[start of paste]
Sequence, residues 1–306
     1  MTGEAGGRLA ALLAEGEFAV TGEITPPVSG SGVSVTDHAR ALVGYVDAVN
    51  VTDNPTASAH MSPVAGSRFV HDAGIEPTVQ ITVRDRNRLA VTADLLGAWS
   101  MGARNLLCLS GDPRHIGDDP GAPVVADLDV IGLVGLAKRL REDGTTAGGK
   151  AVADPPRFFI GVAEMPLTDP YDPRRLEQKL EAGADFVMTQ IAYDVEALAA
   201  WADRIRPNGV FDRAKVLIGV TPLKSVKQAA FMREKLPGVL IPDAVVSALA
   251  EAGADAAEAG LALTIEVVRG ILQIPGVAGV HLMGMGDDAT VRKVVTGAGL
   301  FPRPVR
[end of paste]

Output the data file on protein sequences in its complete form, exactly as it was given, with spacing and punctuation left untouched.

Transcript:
Sequence, residues 1–306
     1  MTGEAGGRLA ALLAEGEFAV TGEITPPVSG SGVSVTDHAR ALVGYVDAVN
    51  VTDNPTASAH MSPVAGSRFV HDAGIEPTVQ ITVRDRNRLA VTADLLGAWS
   101  MGARNLLCLS GDPRHIGDDP GAPVVADLDV IGLVGLAKRL REDGTTAGGK
   151  AVADPPRFFI GVAEMPLTDP YDPRRLEQKL EAGADFVMTQ IAYDVEALAA
   201  WADRIRPNGV FDRAKVLIGV TPLKSVKQAA FMREKLPGVL IPDAVVSALA
   251  EAGADAAEAG LALTIEVVRG ILQIPGVAGV HLMGMGDDAT VRKVVTGAGL
   301  FPRPVR